A meteorite expert from the University of Alberta was part of a team of researchers that discovered at least two new minerals never before seen on Earth.
Chris Herd, a professor in the department of Earth and Atmospheric Sciences and curator of the University of Alberta’s meteorite collection, was contacted a couple years ago about trying to classify a 15-tonne meteorite found in Somalia, the ninth-largest meteorite ever found.
“In the course of doing the classification — describing this new rock for science — I came across some inclusions, some potential different, interesting minerals inside the meteorite. What we’ve now discovered is there are at least two new minerals in this meteorite from Somalia that have never been discovered before.
“Most people in my profession will go through their career and not even find one new mineral. Here, just by virtue of examining this meteorite… we came across two,” Herd said.
“It was an exciting moment when my colleague Dr. Andrew Locock was doing the analysis. The first day he was looking at it, he came to me and said: ‘I think you’ve got at least two new minerals in there,’ based on their chemistry, based on the ratio of elements that are in there — in this case, iron, phosphorus and oxygen — you’ve got two new minerals, and that was really exciting.”
The two minerals came from a 70-gram piece that was sent to the U of A for classification. A potential third mineral is also being looked at.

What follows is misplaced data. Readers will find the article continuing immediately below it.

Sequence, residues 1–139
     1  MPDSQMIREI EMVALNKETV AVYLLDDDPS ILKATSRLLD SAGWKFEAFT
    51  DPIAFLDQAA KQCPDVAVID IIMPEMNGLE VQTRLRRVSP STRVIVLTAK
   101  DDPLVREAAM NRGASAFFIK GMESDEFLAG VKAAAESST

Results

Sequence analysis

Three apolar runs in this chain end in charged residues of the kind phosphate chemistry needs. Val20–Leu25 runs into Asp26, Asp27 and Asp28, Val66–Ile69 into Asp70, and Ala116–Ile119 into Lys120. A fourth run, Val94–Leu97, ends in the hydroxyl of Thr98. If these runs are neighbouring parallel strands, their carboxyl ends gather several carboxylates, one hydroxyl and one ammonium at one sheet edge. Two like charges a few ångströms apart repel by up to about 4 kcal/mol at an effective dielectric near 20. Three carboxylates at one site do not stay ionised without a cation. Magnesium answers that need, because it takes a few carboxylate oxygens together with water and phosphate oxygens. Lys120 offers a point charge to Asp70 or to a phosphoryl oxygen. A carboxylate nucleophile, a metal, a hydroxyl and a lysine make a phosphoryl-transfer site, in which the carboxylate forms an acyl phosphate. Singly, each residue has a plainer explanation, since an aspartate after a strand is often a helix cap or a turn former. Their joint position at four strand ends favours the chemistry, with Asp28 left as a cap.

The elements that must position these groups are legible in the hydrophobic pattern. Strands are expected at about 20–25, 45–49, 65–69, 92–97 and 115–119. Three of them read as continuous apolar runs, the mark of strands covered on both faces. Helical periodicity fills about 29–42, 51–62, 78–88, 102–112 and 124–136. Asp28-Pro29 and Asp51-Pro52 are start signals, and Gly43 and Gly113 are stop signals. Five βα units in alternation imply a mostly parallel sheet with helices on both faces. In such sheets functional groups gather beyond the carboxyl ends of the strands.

“Whenever you find a new mineral, it means that the geological conditions, the chemistry of the rock, was different than what’s been found before,” Herd said.
“That’s what makes this exciting: In this particular meteorite you have two officially described minerals that are new to science.
“That’s my expertise — how you tease out the geologic processes and the geologic history of the asteroid this rock was once part of,” Herd said. “I never thought I’d be involved in describing brand new minerals just by virtue of working on a meteorite.”
This meteorite is about twice as dense as a regular earth rock, he said, and it’s magnetic.
“These minerals have been synthesized in a lab by a group in France in the 1980s, so they were known to science in that regard,” Herd explained, “but it doesn’t get to be a called a new mineral until it’s found in nature.”
Elaliite is named after the meteorite itself because it was found near El Ali, in Somalia. Herd named the second mineral after Lindy Elkins-Tanton, a distinguished planetary scientist.
The research is being done with UCLA and the California Institute of Technology.
Herd believes more minerals could be found if researchers can obtain more samples but, researchers say the meteorite appears to have been moved to China and its future is unknown.
“The rock itself sat for at least several generations in the area in Somalia where it was found,” Herd said. “It was known by camel herders as a place to stop and sharpen their tools. It’s been removed from the site and actually removed from the country now, which is a bit unfortunate… It’s a gigantic stone that has potential cultural significance.”
The meteorite could also reveal clues about asteroid formation, the university said in a news release Monday.
“Intriguingly, the meteorite that elaliite, the group that it belongs to, may not actually be from the core of an asteroid, it might be from kind of a gigantic pond of originally molten metal near the surface of an asteroid,” Herd said.
“Whenever there’s a new material that’s known, material scientists are interested too because of the potential uses in a wide range of things in society,” he added.
“You never know what you’re going to find until you start to investigate these rocks in detail.”
The university is often asked to conduct meteorite classifications and does a couple dozen a year, Herd said.